More like a Rook than a Bishop

On Tuesday morning we had an early flight to Mwanza. We raced through the packing and careful styling of our hair, having stayed up the last half of the night watching TV and swatting little blood-suckers. Joseph, our faithful and fearless cabbie, was waiting in the hotel lobby. He had worked some of the night and slept in his car the last half. In total I think he got more sleep than us, but definitely missed out on some incredible Kenyan TV at 4AM.

Mwanza sits to the southwest of Nairobi as the crow flies. Apparently that's not the most profitable route, so our flight went south, to Kilimanjaro International Airport in Arusha, before heading west to Mwanza. Straight lines trumping diagonals let us fly by Kilimanjaro.
Quite a sight, even across the aisle through a grimy window. We took a twin prop plane that was filled to capacity. I was in window seat near a propeller, and watching the prop spin to life and taxi us into the great unknown was pretty cool.

The stopover in Arusha is odd if you're transiting to Mwanza. You have to actually disembark, walk through Arrivals and take a roundabout path that leads you through the airport to a point about 20 feet away from where you originally entered, except now you're in Departures. Ta-da! After about 40 minutes you re-board and continue.
Wait, didn't I just get off this plane?

After another hour or so, we touched down in Mwanza and queued up with our entry visa application, passport, customs declaration, and our yellow vaccination card (insert my bug-eyed spit-take). Vaccination cards?

I have the card, and vaccinations, but the card didn't make it into my bag. How were they to know whether I was immunized from Cholera, Bieber-fever, etc? The immunization cops were two very nice young ladies who repeatedly pointed to the orange-highlighted section of the rule book that required me to either 1) have the card or 2) get vaccinated by them. I read it, then they read it to me, then each of them in turn handed it to me and read it along with me, with a finger pointing out each word. Their hope was eventually I'd understand what a moron I was. Re-vaccination wasn't a good option because 1) double vaccination can be a bad thing, and 2) my bucket list was woefully lacking Shoot up in the Mwanza airport. Time passed, Matt joined the argument, and it was agreed that if I was dumb enough to visit Africa sans medicine I probably deserved to contract something. For a small $50USD fee they would waive the requirement, but Matt convinced them the orphans could use that money more than the government. Crisis averted.

Once we made it through immigration, customs rifled through our goodies. "What is this?" they asked about the ariel drone Matt brought (how do you say "nerd alert" in Swahili?). Ultimately we were cleared and met by Micah (mee-Kah) and took off for the Mwanza city center. We met up with Buto (Boo-toe), Moses and Sheila, who is part of a missionary family Matt's church has been supporting in the area for many years. Buto and Moses both work for NTC, a theological college with students from around central Africa looking to go into church ministry, missions, or education. Sheila's house is the hub of much activity and many visitors, and where we'd be staying the rest of the trip. Tuesday was shopping day, so we gathered supplies in town before our nearly two hour drive to her home in the village of Bulima. We filled the SUV to capacity, requiring some creative space management to get everything packed in.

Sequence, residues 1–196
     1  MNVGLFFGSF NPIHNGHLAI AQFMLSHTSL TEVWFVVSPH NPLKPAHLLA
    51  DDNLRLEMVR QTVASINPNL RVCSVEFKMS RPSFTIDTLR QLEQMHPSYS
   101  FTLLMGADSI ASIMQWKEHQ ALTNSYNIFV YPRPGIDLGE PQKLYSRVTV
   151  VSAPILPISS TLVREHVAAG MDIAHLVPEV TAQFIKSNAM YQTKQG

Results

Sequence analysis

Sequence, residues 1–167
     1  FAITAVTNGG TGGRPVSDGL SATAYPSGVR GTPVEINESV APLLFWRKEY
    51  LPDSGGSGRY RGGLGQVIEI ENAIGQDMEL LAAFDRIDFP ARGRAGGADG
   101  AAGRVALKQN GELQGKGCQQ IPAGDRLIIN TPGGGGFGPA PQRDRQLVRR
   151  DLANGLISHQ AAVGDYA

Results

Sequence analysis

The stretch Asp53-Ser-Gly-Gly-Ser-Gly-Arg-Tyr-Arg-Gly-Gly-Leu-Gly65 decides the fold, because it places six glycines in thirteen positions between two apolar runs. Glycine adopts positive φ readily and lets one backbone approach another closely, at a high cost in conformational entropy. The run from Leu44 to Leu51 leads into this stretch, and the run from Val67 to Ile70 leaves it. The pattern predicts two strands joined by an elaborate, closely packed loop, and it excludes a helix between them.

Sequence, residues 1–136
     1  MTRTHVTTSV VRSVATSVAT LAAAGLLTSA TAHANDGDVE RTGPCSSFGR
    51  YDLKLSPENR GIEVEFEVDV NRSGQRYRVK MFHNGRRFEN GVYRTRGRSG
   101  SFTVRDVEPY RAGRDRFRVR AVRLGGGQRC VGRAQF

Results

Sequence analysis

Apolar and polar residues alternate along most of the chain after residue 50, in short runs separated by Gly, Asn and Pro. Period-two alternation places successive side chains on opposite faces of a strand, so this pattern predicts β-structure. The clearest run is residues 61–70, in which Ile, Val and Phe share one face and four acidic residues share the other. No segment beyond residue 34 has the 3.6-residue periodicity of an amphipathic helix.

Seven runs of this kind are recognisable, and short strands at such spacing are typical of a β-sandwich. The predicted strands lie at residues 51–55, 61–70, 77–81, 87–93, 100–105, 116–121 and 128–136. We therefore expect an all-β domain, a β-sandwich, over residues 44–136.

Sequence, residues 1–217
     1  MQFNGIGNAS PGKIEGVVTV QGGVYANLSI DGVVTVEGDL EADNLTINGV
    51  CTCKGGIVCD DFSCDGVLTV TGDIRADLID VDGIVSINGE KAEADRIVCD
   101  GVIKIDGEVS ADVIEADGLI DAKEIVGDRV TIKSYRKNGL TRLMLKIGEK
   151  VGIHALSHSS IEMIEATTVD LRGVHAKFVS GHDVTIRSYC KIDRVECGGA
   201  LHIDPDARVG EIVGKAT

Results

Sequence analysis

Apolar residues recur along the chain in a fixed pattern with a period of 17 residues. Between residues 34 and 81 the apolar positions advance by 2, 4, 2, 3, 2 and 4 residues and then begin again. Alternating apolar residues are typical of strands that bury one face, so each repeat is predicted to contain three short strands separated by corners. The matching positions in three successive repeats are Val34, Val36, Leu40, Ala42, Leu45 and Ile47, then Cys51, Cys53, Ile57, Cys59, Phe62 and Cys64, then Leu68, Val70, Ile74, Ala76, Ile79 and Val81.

There's always the roof when you're packed to the gills

We had one stop on the drive home, to pick up bags of chicken feed at a roadside shop. Two young guys were loading these incredibly heavy sacks onto the top of our vehicle. One on top, one lifting from below. It was stifling heat and enormous exertion, and these dudes were laughing and making it look like the best job in the world.
Lousy job, awesome attitude

The drive itself would be the centerpiece of any amusement park. Paved & dirt roads, huge, random speed bumps and potholes, cars, trucks, buses (so many buses!) and hundreds of pedestrians and bicycles traveling along the road edge. No shoulder oftentimes, so you're really sharing the road. And whenever the path is even slightly decent, it's go-time for every motorized vehicle. Sheila, who's pushing 70, was pushing 70. We were flying past dusk into a night beyond the reaches of streetlights or even store fronts. Just headlights and occasionally cook fires off in the distance. What was nuts was the number of people walking and cycling didn't drop noticeably as the light disappeared. They still had to get home, and the road was still the fastest way to do it. It's marked as a two lane road, but that's purely a suggestion. The fluidity of road usage there is madness to the milquetoast world of midwestern american driving. I was so fascinated I dozed off for a bit.
Thanks for the memory Moses.

We arrived safely, and crashed in Sheila's attic with a few fans and mosquito netting for some of the best sleep I've had in a while. When I woke up, it was to roosters, songbirds and who knows what else outside the window.